But after a certain addition has been made, the addition will reach the quantity of the whole or even exceed it. So, too, an addition of time will reach the quantity of time in which it moves the whole. But the time in which it moved the whole was said to be infinite. Therefore, a finite time will measure an infinite time—which is impossible.
[Ergo tempus finitum metietur tempus infinitum. Quod est impossibile.]
 But against this reasoning there are several objections.
[Sed contra hunc processum plures sunt obiectiones.]
 One objection is this. It can be assumed that the body that moves the first moved is not divisible, as is the case with a heavenly body. But the preceding proof is based on the division of the first body.
[This objection says that the foregoing argument simply begs the question about the divisibility of a first mover as a body.]
 The reply to this objection is as follows. There can be a true conditional proposition whose antecedent is impossible. If there is something that destroys the truth of this conditional proposition, it is then impossible.
[Sed ad hoc dicendum quod conditionalis potest esse vera cuius antecedens est impossibile. Et si quid est quod destruat veritatem talis conditionalis, est impossibile].
For example, if someone destroys the truth of the conditional proposition, "If man flies, he has wings," it would be impossible. It is in this manner that the above proof is to be understood. For the following conditional proposition is true: "If a heavenly body is divided, a part of it will have less power than the whole." Now, the truth of this conditional proposition is taken away if it be posited that the first mover is a body; and the reason is the impossibilities that follow from it. Therefore, to posit this is impossible. A similar reply can be given if objection is made concerning the increase of finite powers. We cannot assume powers in nature according to all proportions of time to any given time. Nevertheless, the proposition required in the above proof is a true conditional proposition.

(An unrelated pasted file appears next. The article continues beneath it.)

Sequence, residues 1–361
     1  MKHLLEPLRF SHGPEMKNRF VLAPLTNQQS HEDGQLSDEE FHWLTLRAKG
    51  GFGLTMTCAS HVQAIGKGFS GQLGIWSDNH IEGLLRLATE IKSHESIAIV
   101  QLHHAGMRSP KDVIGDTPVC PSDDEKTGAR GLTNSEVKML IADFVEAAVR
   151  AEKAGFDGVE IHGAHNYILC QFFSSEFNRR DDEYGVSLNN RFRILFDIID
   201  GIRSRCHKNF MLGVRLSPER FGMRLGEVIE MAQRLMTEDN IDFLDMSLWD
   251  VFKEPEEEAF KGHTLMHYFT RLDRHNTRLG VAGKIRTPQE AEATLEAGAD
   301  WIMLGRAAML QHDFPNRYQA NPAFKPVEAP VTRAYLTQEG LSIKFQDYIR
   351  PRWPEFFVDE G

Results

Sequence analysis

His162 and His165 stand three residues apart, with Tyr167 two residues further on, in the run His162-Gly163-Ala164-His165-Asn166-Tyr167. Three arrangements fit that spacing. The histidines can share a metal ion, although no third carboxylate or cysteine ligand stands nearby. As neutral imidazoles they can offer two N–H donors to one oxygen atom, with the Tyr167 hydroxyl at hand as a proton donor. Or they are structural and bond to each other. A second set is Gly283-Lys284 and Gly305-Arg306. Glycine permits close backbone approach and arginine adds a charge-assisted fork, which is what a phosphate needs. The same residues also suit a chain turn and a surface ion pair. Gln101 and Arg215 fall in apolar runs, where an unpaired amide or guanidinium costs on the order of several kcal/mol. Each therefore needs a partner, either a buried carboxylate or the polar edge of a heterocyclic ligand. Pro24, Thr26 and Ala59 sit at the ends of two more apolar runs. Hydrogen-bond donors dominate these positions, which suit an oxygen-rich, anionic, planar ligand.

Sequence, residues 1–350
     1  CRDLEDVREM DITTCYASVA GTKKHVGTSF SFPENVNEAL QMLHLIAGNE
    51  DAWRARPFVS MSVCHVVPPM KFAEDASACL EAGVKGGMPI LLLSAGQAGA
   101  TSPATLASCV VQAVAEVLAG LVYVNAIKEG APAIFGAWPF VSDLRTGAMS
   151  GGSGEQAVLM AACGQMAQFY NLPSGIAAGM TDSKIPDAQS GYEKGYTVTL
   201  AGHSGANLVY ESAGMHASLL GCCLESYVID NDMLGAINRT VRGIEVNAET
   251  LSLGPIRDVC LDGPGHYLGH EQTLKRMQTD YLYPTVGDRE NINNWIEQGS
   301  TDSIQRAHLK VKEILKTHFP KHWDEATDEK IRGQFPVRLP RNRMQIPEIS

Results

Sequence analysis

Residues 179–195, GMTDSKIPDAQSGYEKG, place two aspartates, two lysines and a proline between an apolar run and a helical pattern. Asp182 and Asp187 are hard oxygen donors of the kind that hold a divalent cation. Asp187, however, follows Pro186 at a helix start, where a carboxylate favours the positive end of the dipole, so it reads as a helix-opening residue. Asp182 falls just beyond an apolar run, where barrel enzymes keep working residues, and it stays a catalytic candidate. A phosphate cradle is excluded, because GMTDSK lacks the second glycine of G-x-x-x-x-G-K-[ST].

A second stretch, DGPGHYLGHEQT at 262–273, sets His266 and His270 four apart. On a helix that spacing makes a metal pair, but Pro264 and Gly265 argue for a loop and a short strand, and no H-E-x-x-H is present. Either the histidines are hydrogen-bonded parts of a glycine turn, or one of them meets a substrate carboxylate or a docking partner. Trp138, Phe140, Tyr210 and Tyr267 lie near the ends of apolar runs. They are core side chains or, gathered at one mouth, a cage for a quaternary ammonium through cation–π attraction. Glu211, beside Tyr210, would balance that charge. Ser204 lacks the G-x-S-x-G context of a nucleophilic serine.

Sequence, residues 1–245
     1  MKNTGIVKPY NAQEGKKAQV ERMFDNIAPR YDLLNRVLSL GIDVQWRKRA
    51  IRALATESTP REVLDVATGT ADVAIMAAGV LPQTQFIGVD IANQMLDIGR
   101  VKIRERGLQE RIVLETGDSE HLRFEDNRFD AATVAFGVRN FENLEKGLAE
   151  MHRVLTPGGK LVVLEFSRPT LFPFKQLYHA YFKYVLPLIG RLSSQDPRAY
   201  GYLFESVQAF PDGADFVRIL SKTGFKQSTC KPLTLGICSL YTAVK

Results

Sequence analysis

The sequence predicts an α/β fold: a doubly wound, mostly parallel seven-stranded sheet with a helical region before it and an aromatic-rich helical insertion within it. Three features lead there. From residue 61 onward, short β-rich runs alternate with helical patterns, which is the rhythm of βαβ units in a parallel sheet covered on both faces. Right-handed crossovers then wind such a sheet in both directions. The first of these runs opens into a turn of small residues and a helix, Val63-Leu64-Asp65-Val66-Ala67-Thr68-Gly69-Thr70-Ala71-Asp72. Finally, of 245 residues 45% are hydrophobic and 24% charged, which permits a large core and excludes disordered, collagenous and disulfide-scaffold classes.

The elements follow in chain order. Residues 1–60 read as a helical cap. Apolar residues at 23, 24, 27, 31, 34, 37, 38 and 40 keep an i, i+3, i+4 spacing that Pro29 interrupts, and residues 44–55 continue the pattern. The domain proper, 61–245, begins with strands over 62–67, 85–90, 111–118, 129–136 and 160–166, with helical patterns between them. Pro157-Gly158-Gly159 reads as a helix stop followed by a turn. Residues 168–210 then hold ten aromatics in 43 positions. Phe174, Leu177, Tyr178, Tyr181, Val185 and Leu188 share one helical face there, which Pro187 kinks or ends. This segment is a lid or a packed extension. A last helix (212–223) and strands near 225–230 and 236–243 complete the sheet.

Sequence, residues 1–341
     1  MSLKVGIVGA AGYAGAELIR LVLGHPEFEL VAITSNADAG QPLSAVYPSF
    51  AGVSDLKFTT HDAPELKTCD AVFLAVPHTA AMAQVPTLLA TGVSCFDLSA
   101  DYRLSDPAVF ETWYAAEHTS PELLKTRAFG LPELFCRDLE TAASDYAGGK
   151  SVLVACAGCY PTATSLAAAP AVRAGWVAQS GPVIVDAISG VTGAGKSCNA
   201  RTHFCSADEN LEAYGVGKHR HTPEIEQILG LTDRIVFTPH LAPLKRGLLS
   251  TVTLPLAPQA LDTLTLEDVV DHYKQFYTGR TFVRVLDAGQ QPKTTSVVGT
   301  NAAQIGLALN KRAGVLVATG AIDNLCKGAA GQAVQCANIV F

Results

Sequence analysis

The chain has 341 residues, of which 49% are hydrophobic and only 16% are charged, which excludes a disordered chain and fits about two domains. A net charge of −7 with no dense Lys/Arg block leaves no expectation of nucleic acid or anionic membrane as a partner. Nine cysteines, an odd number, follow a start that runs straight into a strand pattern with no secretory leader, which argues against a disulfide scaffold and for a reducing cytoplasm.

[Thomas is here saying that, were the first premise true––i.e. "the first body is indivisible"––, the objection against his argument in this chapter would stand. However, given the impossibilities that follow from such a claim, the first premise is false, and therefore the objection fails. I fear I am misconstruing something here, though.]
 The second objection is this. Although a body is divided, it is possible to find in a given body a power that is not divided when the body is divided
[…etsi corpus dividitur, aliqua virtus potest esse alicuius corporis quae non dividitur diviso corpore].
For example, the rational soul is not divided if the body is divided.
 The reply is as follows. The above argument does not prove that God is not joined to a body as the rational soul is joined to the human body; it proves that He is not a power in a body in the manner of a material power, which is divided upon the division of the body. So, too, it is said of the human intellect that it is not a body or a power in a body. However, that God is not joined to a body as the soul is, this is another issue
[Et ad hoc est dicendum quod per processum praedictum non probatur quod non sit Deus coniunctus corpori sicut anima rationalis corpori humano: sed quod non est virtus in corpore sicut virtus materialis, quae dividitur ad divisionem corporis. Unde etiam dicitur de intellectu humano quod non est corpus neque virtus in corpore. Quod autem Deus, non sit unitus corpori sicut anima, alterius rationis est.].
[This is a very fecund rebutall and, from what I can gather, is the basic shape of Charles Taliaferro's Consciousness and the Mind of God, a book I have wanted to read for about a decade, and which I finally have in my possession. The key point is that, even if we grant that there is some level of division at which we find a power not subject to the objections against infinite power in (finite) magnitude, this would only show that that power is not a body, which confirms the thrust of this chapter.]
 The third objection is this. If some given body has a finite power, as the above argument shows, and if through a finite power nothing can endure through an infinite time, it will follow that no body can endure through an infinite time. Thus, a heavenly body will of necessity be corrupted.
[See what I mean about Thomas' emphasis on celestial incorruptibility vis-à-vis the eternity of the world?]
 To this objection some reply that, as far as its own power is concerned, a heavenly body can fail, but it acquires an eternal duration from another being of an infinite power. Plato [Timaeus] seems to speak for this solution when he introduces God addressing the heavenly bodies as follows: “By your natures you are dissoluble, but through my will you are indissoluble; for my will is greater than your bond.”